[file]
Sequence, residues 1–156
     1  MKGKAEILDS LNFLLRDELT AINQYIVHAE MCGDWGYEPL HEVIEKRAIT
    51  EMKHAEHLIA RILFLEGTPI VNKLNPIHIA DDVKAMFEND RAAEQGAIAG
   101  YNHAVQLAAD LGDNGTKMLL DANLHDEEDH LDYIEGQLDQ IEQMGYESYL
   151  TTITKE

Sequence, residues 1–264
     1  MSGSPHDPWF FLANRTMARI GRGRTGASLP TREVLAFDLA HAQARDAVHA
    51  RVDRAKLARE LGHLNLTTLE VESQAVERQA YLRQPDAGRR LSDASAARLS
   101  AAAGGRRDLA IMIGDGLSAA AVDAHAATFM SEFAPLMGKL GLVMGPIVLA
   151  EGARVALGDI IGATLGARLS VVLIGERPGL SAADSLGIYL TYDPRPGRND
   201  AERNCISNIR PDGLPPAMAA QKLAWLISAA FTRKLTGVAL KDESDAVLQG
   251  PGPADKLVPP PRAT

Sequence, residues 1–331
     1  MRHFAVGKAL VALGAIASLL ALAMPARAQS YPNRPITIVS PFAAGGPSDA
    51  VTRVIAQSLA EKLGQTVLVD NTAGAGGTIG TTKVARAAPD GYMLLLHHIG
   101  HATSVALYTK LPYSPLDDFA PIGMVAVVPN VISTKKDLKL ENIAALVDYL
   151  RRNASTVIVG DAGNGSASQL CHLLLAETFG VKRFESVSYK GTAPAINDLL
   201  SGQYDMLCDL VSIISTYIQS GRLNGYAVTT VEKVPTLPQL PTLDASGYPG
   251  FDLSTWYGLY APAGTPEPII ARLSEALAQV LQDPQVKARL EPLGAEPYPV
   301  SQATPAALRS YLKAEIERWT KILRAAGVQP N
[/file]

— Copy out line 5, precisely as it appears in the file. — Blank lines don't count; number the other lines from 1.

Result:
   151  TTITKE